- "Because open source software features open code, more programmers are able to view the code, create new functionality, and fix bugs. This follows the same natural way that science has developed over time." – Taoism of Open Source; Chen Nan Yang; September 29, 2007.
FOSS is released under a legal license that is kind of a lawyer's version of the golden rule - while making the software freely available to anyone to use, modify, and distribute as they wish, it also requires them to make it freely available to others in turn to use, modify, and distribute as they wish.
In addition, many FOSS licenses require that any changes - usually fixes and enhancements - made to the software must also be made freely available to others under the same license, which continually grows the capability. These self-reinforcing kinds of licenses are particularly good at generating the trust that leads to large and sustainable communities, and most FOSS software today is released under a license including this principle.
FOSS can be supported by anyone, and is generally developed by meritocratic teams of developers, associations of companies, businesses that provide support and services, non-profit foundations, and research and academic institutions.
FOSS is increasingly seen as the global standard and lowest-risk choice for operating systems to end-user applications. FOSS helps individuals and organizations reduce cost, increase use, improve standards compliance, enhance security, and avoid vendor lock-in. More information can be found in the following sections.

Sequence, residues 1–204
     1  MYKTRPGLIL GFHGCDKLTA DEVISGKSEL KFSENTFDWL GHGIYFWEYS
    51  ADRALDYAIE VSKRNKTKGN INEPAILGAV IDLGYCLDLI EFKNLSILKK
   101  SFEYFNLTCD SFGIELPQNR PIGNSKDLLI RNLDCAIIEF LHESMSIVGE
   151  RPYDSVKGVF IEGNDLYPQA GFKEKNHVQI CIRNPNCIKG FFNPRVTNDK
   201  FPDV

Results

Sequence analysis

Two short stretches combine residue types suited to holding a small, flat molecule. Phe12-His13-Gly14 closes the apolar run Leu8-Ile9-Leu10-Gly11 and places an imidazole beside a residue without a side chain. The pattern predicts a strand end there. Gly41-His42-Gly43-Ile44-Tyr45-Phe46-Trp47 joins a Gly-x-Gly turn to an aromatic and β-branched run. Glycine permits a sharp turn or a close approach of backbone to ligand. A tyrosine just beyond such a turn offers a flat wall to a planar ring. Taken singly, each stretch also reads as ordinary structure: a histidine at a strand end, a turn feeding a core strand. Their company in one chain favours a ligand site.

Except for this home page and a small number of other locked pages, you can edit any page by clicking the "Edit" tab. More information on formatting can be found here. To create a new page, first search for the desired name in the Search box on the left of the page, and if it doesn't already exist, then a link on the results page will enable you to "create new page".
Commercial Open Source Software (COSS) can contain FOSS components, however limits availability of some functionality to closed proprietary software, and therefore is described on this site only on the COSS page.